Roses proves a success off the pitch as well


Away from the sport on Roses weekend two societies used the opportunity to raise awareness of student campaigns. The LGBTQ* association were a constant presence outside the Sports Centre over the weekend, obtaining signatures for a pledge to support the NUS ‘Out in Sport’ Campaign. The aim of the campaign is to “foster an environment where people from all walks of life feel comfortable signing up to sports teams during Freshers’ week and beyond”. The campaign initially gained prominence during the Sochi Winter Olympics earlier this year but the LGBTQ* association thought it was important to bring back the campaign given the array of sports on display.

The 652 people that put their names to the pledge, which in its entirety was “I pledge to make sports respectful and inclusive to everybody”, more than vindicated the decision to bring back the campaign. You could sign the pledge online as well, however the bulk of signatures collected were from spectators and participants during the Roses weekend.

Alice Tooms, who spent the weekend collecting signatures for the campaign, said that Lancaster wasn’t a university that was rife with homophobia, however it was still important to raise awareness for the campaign. She said that LUSU and in particular Emily Pollitt, VP (Activities), “have been fantastic” in helping the campaign and they felt fortunate to get such a prominent space, next to the media hub and score centre. Tooms also commented that the reception from the sports team was very positive, with many of them signing the pledge and posing for photographs with the Pride flag. She also said it was Kate Rollinson who initially came up with the idea to promote the campaign during Roses. Credit too should go to the shrewdness of the person who decided to hold the ‘I AM LANCASTER’ foam fingers hostage on the Sunday, ensuring that those who wanted a last item of Roses memorabilia signed the pledge, which gained further support for the already popular campaign.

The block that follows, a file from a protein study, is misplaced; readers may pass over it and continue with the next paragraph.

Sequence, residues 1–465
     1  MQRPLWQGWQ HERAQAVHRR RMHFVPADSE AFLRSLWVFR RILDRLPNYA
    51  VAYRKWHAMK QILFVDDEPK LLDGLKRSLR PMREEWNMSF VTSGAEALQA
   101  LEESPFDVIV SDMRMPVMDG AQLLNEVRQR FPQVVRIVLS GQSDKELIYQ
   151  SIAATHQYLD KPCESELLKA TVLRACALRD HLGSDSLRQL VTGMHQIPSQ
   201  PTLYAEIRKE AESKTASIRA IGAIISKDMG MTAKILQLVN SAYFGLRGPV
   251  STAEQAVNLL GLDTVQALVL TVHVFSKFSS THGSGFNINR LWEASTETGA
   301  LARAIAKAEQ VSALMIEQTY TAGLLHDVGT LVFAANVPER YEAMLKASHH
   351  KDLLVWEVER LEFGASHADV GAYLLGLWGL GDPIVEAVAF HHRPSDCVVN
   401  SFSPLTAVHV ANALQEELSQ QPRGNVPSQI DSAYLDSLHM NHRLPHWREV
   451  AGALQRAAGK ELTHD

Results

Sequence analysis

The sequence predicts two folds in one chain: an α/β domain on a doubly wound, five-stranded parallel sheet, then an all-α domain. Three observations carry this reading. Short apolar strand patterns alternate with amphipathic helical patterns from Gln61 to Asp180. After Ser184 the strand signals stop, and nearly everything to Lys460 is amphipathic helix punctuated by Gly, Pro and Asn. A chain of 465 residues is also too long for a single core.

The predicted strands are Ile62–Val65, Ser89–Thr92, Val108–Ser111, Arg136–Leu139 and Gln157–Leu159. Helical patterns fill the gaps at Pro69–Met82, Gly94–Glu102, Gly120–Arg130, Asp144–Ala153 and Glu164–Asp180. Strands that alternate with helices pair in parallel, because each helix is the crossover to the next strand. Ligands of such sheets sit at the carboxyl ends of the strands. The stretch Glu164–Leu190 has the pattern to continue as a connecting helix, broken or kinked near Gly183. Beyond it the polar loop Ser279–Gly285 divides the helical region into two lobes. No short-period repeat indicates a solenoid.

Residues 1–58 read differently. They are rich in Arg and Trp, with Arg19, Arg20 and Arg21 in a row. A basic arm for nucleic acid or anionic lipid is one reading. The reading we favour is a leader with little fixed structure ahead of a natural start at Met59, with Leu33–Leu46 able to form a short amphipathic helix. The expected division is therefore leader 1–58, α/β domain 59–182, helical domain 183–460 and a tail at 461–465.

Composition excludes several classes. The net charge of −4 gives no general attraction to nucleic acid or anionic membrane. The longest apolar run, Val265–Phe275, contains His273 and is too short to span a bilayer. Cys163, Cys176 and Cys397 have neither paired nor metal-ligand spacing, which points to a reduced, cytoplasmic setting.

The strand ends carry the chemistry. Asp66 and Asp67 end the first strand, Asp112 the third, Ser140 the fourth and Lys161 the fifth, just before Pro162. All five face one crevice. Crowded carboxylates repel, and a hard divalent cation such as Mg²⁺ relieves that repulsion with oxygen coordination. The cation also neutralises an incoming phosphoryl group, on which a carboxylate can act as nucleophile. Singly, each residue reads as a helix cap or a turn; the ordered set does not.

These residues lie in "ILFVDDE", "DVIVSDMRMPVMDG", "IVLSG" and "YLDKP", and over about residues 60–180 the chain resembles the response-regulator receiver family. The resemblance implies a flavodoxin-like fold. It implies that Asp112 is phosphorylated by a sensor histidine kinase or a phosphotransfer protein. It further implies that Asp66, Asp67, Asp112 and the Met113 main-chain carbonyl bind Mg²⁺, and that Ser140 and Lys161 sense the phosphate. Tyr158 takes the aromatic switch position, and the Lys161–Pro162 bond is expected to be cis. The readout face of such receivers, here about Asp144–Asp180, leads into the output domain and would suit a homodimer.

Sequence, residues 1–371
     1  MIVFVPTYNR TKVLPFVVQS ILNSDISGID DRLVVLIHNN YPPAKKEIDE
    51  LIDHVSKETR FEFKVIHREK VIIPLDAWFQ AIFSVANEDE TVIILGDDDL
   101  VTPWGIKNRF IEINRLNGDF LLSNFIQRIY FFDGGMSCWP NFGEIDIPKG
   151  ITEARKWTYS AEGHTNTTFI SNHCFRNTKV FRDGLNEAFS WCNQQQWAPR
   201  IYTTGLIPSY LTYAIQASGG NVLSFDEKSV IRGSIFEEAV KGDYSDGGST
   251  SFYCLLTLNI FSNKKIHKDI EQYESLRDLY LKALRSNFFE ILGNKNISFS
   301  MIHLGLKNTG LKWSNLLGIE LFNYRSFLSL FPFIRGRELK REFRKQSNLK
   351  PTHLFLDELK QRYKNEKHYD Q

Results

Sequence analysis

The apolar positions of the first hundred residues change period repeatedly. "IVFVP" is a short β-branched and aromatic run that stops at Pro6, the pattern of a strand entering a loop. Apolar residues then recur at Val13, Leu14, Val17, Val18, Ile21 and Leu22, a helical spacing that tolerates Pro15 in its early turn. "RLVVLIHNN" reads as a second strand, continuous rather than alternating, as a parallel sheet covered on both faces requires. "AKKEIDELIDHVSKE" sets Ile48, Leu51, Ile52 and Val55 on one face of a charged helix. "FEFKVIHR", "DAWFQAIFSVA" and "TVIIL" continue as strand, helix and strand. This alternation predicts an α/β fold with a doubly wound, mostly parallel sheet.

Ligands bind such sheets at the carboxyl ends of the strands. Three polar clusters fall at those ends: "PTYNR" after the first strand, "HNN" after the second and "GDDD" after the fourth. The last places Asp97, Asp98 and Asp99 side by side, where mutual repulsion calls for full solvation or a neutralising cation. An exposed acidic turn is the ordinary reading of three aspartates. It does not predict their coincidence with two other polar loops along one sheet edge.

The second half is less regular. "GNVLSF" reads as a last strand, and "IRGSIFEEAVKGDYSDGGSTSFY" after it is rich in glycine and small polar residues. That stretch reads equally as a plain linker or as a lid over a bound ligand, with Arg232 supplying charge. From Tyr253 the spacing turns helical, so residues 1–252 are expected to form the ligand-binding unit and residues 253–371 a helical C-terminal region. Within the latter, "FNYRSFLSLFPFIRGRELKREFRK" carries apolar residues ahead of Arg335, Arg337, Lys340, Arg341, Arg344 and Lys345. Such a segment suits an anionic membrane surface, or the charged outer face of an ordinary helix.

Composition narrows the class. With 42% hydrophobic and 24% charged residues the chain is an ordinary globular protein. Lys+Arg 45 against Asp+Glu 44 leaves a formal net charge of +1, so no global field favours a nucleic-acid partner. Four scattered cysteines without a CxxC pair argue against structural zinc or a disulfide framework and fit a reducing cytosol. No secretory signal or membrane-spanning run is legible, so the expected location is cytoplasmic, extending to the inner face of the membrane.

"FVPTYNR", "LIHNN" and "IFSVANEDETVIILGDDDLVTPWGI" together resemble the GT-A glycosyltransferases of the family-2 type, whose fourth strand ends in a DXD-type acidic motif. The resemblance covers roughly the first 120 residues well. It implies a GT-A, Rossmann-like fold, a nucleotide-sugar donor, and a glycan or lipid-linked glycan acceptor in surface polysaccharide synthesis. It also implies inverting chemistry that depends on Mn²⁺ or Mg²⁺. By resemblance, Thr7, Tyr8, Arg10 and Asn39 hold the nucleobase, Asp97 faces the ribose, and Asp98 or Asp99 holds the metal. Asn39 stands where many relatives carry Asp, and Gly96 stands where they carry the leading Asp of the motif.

The Lancaster and York Marrow societies also used Roses as an opportunity to recruit more people to the stem cell register. The two societies engaged in a competition as to which Marrow group could get the most people to sign up in the week Roses was held. People from Lancaster Marrow went to training sessions for many different sports teams and meetings for other societies in the week trying to recruit as many people as possible. They visited the Men’s Football, the Gospel Choir and Furness JCR amongst many other groups. As well as that, the society, which became a branch of LUSU Gives this year, had a stall for all people to sign up on the Saturday of Roses.

This was an extension of the ‘Fit to Spit’ campaign which is a national campaign led by the national Marrow charity Anthony Nolan.  It stresses that all people can donate their bone marrow and that you don’t have to be fit to spit. In the competition too Lancaster beat York convincingly with Lancaster gaining 70 potential donors while the York group received 33.

Charlotte Hughes, Vice President of Lancaster Marrow, said that she was very happy with beating York but more importantly with the amount of people they managed to sign up collectively. Hughes also said “it was quite nerve-wracking going to the different sports teams and talking to them about the society and what we do. But most of them listened intently and some even signed up to the register straightaway”. Lancaster Marrow also hopes that the competition can continue for every Roses which means that it could even make it on to the schedule next year and maybe even become an event worth points in the future. Given the expansion we have seen in Roses and the success in this campaign it would be foolish to rule that out. Both these campaigns have helped highlight the way any student can participate in Roses and the way the tournament can help make a difference on and off the sports field.

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